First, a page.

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Hundreds of Protesters Occupy Shell Plant in Nigeria, 11 Days and Counting

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Oil in the Niger Delta. Amnesty International Canada

By Andy Rowell

The decades-long struggle for social and environmental justice in the Niger Delta continues, largely unseen by the wider world.

On Aug. 11, hundreds of people from the Niger Delta stormed the Belema flow station gas plant owned by Shell in the Rivers State region of the Delta. The plant transports crude oil to the Bonny Light export terminal, from where it is shipped overseas.


Their list of demands could have been written by their parents and grandparents who fought the company before them. It is the same list of grievances for which the writer Ken Saro-Wiwa campaigned for—and ultimately died for—in the mid-nineties.

As Reuters reported earlier this month, "the protesters said they were not benefiting from the region's oil wealth and wanted an end to the oil pollution that has ruined much of the land."

One of the protest leaders, Anthony Bouye, told Reuters, "I am a graduate for about eight years without a job. Shell won't employ me despite us having so much wealth in our backyard."

In response, Shell spun its usual story of how its commitment "to the welfare of host communities in the Niger Delta remains unshaken."

Some 11 days on and the protests are continuing with hundreds still occupying the plant, with Shell still not able to access the site.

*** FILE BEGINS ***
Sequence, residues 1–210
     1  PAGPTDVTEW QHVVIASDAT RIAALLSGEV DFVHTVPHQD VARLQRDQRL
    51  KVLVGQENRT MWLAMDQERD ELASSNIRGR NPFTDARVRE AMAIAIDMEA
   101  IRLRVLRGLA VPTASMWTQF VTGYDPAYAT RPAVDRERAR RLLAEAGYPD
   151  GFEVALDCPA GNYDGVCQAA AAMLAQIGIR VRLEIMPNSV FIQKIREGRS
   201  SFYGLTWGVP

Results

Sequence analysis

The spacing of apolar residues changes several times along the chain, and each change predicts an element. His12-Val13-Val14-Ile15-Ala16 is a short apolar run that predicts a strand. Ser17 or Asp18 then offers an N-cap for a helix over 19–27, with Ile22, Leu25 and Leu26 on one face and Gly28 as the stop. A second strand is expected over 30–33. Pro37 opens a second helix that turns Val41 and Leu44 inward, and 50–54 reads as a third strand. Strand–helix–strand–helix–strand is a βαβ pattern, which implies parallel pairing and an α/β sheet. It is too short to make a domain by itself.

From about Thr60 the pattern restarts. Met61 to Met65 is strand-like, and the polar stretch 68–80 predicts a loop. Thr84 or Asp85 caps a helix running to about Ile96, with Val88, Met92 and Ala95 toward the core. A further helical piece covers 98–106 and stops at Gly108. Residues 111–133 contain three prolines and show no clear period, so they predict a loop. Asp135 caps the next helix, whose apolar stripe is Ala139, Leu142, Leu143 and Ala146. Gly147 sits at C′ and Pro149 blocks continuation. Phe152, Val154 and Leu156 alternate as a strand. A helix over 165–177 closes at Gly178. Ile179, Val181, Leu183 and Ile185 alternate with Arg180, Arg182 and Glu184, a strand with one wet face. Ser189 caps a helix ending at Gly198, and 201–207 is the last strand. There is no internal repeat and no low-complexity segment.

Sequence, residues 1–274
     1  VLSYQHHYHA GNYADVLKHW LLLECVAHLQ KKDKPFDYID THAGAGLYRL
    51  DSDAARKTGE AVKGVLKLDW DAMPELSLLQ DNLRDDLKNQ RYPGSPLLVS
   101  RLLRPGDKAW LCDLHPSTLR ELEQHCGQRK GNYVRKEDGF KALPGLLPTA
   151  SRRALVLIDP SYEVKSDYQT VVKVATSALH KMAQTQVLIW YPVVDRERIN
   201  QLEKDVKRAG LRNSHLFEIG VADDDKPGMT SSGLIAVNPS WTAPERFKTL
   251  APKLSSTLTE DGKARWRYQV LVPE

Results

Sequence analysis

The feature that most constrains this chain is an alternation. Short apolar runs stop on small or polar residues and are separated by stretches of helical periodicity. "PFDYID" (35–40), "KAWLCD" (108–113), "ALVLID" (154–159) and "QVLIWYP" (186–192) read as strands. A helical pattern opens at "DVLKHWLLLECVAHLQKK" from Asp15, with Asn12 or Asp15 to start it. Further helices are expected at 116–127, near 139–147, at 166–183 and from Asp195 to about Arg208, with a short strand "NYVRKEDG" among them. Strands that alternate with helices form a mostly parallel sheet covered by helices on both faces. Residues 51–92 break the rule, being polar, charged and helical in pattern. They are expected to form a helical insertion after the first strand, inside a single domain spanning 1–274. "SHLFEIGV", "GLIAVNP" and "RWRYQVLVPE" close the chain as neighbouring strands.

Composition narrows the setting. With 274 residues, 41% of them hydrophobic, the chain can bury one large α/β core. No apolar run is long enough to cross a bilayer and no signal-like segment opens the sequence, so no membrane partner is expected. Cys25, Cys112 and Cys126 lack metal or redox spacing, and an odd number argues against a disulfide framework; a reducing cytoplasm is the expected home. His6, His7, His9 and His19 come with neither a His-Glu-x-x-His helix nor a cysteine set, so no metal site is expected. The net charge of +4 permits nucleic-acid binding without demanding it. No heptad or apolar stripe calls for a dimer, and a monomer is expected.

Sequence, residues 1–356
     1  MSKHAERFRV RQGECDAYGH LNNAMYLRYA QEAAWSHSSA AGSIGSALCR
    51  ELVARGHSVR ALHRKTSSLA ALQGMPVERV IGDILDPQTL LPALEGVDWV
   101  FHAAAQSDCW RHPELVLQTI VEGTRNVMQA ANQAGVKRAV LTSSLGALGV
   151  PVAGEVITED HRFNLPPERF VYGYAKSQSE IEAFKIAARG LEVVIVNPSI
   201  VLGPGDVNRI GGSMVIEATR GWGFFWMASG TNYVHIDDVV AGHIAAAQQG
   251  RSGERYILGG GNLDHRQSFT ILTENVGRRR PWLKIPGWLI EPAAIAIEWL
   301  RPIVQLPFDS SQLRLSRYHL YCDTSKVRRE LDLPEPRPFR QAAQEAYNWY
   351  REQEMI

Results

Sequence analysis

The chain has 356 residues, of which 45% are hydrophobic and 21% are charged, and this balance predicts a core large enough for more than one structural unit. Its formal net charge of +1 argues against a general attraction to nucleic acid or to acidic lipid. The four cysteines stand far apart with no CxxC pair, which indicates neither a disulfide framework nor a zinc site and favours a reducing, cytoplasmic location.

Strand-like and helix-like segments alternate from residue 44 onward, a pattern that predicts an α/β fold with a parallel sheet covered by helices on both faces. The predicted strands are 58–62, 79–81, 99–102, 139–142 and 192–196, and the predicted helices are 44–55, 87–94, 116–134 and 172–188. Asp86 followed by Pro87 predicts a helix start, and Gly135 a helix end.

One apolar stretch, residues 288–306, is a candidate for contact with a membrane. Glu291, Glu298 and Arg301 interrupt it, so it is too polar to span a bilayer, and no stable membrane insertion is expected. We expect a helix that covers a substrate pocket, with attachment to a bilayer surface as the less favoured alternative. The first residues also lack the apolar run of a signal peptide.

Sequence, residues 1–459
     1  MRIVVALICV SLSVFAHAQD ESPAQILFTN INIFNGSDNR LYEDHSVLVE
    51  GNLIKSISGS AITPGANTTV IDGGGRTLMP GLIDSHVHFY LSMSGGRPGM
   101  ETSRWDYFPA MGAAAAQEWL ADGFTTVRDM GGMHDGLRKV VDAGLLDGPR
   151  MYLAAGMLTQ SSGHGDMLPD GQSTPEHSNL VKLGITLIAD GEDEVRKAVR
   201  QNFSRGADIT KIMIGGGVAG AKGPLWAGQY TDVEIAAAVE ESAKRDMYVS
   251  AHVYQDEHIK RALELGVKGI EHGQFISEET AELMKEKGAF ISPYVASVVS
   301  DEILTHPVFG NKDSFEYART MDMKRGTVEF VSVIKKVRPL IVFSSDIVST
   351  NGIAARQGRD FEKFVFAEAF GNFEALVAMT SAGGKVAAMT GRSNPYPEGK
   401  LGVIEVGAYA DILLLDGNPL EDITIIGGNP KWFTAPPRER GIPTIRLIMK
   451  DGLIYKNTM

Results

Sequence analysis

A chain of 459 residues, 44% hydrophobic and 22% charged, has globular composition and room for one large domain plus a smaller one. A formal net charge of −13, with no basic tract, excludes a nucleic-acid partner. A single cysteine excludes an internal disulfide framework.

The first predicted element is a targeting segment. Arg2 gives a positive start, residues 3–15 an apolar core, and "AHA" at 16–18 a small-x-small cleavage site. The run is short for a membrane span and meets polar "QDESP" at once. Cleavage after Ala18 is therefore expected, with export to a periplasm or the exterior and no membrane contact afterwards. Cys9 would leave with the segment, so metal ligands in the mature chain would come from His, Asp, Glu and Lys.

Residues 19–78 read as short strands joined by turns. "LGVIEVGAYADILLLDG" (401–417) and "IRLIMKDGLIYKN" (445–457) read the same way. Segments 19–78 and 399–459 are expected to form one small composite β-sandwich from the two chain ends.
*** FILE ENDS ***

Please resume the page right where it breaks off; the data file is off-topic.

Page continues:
And now Shell is beginning to put pressure on the protesters to leave, saying their safety could be at risk.

"The illegal occupation of Belema Flow Station and Gas Plant in Rivers State has safety implications both for the people at the facilities and nearby communities," the company's Nigerian subsidiary, Shell Petroleum Development Company, said in a statement on Sunday.

Shell added the occupation "exposes people at the plant to higher safety risks as anything could trigger a spill or fire with potentially serious consequences."

In response, the local community have vowed to stay until Shell hands over the operation of the plant to a locally-controlled company.

"We want Shell to hand over the operations of the flow station to Belema Oil Company because it appreciates our challenges and needs," community leader Godson Egbelekro told AFP.

However, Shell is unlikely to cede ownership of a key asset. So for the people of the Niger Delta, nothing changes. The vortex of pollution, injustice and poverty continues.

Hopefully, Shell will not resort to violence and colluding with the military to clear the site. Otherwise, once again it will have blood on its hands.

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